The morning light still feels cold with sharp lines cutting between sun and shadow.
I open the blinds and catch the sunrise climbing over the power lines and trees. With its light, I breathe in a sense of possibility as I turn to the kitchen to pour myself a cup of coffee.
And then I halt. Littered across the counters and piled in the sink are dinner plates, late night Tupperware leftovers, water glasses, La Croix cans, a spaghetti pot and colander—signs of life overflowing.
I tell myself not to resent this unending rhythm of dishes. I tell myself that the cleaning will go quickly.
But rarely do I stay kind when I clean.
How many hours of my life have I wasted while bitterly ruminating over a kitchen sink?
It’s not lost on me what this time could be. Cleaning offers a moment for ritual: the whispering of prayers, peaceful cadence of a soundtrack, or quiet inspiration of a podcast.
Why do I choose instead to twist the natural messes that form from doing life into signs that I am not being cared for?
Why do I choose to scrub dishes while my husband sleeps, and then resent him for sleeping? Wrist deep in soapy water, I ignore the fact that Aaron deep cleans the floors every Saturday and cleans the dinner dishes several nights a week.
The pattern here isn’t Aaron; it’s me. Before my husband, it was my roommate. And before it was my roommate, it was my parents or my siblings. I’ve had this habit since I was 13 years old, helping clean the house so my parents could host in our living room while my siblings and I watched TV upstairs. At 13, I told myself that I was being left out and taken for granted.
And while that message suited the angst and burgeoning independence of a 13-year-old who longed to be seen as an adult, it does not suit a woman of 32.
Because the truth is, the messes I get to clean are a gift. They do not speak to abandonment. They speak to belonging and goodness.
The stories we tell about our lives have the ability to shape (or warp) our realities.
Sometimes, we get to decide what our lives are speaking back to us.
Today, I’d like to reclaim what cleaning up messes says about mine.
“God, thank you for these blankets strewn on the couch. For last evening when we were cozy beneath them before tossing them aside to go snuggle in bed.”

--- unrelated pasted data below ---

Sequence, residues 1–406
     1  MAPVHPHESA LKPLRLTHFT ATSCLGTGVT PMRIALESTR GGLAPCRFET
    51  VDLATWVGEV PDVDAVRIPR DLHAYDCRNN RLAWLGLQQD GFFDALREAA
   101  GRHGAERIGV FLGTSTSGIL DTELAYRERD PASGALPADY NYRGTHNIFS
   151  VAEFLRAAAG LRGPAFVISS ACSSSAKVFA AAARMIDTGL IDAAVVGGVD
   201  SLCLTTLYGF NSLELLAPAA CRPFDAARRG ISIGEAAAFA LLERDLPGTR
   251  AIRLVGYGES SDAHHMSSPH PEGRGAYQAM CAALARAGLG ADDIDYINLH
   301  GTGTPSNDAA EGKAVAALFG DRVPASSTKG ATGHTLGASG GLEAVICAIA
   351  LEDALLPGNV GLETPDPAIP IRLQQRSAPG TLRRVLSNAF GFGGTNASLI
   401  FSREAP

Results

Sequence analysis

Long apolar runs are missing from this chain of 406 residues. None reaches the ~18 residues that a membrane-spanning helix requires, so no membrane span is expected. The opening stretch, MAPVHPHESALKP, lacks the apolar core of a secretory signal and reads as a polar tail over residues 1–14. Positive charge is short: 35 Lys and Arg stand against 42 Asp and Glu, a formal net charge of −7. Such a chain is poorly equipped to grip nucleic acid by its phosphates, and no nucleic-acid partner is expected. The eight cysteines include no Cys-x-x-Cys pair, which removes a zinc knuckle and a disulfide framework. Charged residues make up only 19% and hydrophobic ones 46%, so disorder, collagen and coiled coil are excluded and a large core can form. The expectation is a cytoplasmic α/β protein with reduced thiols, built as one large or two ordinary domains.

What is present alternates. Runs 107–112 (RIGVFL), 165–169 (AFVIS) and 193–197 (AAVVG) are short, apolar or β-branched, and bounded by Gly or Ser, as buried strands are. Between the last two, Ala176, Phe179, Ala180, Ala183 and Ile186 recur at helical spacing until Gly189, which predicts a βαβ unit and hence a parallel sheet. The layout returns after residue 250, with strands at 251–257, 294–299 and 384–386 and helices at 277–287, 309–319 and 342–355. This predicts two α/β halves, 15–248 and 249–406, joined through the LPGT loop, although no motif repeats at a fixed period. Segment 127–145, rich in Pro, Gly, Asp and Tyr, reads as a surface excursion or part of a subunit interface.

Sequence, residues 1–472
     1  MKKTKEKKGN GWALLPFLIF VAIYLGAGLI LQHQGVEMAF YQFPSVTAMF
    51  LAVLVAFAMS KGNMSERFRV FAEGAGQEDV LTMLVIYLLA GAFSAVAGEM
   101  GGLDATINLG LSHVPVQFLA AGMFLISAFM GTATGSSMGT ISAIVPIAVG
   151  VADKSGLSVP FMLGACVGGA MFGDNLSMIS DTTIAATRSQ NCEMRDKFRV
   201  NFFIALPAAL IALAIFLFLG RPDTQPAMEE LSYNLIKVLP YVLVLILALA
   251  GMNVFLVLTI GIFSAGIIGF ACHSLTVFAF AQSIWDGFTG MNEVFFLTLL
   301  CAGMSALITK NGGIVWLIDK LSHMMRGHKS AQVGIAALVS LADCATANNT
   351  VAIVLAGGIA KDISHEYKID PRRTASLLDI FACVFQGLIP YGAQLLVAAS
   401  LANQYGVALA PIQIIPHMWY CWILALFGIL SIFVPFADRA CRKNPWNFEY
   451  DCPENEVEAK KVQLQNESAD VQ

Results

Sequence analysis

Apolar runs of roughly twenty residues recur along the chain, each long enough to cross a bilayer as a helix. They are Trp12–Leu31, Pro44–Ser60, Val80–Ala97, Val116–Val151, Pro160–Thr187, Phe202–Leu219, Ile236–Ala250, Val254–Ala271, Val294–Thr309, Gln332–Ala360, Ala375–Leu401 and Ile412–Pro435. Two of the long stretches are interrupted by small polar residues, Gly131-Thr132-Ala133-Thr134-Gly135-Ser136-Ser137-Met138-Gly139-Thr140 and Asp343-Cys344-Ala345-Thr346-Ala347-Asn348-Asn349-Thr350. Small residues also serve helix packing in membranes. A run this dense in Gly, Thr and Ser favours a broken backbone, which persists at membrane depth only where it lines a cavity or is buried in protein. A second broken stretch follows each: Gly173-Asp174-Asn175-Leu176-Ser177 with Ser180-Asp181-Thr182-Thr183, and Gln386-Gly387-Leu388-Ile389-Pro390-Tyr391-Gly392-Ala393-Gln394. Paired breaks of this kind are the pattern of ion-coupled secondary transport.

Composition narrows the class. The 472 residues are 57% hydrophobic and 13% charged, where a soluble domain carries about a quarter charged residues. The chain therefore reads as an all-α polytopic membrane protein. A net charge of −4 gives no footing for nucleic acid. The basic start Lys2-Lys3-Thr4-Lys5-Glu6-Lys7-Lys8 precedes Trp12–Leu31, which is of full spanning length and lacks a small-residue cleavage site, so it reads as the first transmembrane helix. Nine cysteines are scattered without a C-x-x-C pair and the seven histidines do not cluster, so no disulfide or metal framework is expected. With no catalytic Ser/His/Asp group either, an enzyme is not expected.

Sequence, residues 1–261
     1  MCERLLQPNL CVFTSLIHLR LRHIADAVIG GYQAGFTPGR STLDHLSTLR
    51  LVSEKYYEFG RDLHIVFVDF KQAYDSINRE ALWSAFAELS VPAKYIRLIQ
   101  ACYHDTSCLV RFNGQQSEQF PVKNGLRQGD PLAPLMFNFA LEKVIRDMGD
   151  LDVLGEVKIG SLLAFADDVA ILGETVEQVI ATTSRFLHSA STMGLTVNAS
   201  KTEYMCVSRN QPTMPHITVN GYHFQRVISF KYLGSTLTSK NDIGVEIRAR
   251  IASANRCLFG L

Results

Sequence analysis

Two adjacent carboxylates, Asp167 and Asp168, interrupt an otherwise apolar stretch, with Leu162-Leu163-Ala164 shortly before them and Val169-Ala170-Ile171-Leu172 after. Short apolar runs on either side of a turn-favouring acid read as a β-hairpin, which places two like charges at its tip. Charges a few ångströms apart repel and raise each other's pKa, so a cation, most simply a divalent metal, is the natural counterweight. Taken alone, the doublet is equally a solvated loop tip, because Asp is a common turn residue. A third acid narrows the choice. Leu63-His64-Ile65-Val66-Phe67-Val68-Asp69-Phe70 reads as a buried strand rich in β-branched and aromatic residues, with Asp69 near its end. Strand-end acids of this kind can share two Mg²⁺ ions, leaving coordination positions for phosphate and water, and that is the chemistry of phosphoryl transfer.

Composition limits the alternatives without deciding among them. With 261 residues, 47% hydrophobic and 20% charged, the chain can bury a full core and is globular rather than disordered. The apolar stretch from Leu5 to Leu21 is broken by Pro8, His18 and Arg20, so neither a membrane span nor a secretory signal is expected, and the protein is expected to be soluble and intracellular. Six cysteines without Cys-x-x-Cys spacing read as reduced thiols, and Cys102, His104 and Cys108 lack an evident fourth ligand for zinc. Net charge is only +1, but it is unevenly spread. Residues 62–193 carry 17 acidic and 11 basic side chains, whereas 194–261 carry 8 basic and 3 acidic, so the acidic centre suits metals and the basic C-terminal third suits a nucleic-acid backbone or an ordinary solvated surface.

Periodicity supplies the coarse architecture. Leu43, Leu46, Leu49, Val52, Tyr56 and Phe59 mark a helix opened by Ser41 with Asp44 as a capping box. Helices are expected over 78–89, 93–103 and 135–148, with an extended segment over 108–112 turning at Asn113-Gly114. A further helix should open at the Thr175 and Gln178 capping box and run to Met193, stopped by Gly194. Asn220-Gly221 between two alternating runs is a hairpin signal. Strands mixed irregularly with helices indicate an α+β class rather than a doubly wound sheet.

“God, thank you for this beautiful casserole dish caked with lasagne cheese, a gift from my brother and his husband. It is one of the fanciest dishes I own, and I feel like a real chef when I cook with it. Thank you for surrounding me with people who notice the things I love to do.”
“God, thank you for bubble baths that let me breathe in comfort, although they leave the tub caked with soap scum. Thank you for moments of solitude to rest and be.”
The list could go on and on.
If you look for love in your life, you will find it. And if you look for abandonment, you will find that too.
My life is humming with love songs. What might it look like to start humming along day to day while I scrub dishes, do laundry, and fold blankets?
What might it look like to hum along to the love songs your life is singing too?
Katy (Johnson) Stafford dreams, writes, and occasionally podcasts in the messy middle of life. Newly married, Katy is spending her 30s embracing hope, longing, and the wild spaces in her own heart. Her favorite creative project right now is called In Love, a memoir about loving your life beyond white picket fences. Occasionally, she also shares her thoughts here.
“Somethimes we get to decide what our lives are speaking back to us.” Love that. Thanks for sharing your process of repentance. May I borrow it?
of course! we’re all learning from each other 🙂
What an honest, clear, and necessary expose of a heart-attitude that is so familiar to me and, I suspect, to many! Thank you for offering it, because in doing so you have invited me to look beneath the surface at some of my own yucky internal narratives…such as what happens within me (namely, shame) when someone gives me a compliment or affirmation. (Ironic since “Words of Affirmation” are my Love Language!)
I am grateful for this glimpse into your “dirty dish inner narrative.” You’re so right:
“If you look for love in your life, you will find it. And if you look for abandonment, you will find that too.”
Thanks, Lacey. Shame can be such a powerful force in our lives–shutting down a sense of rest in the world and attacking self-acceptance. Sending courage for your journey there!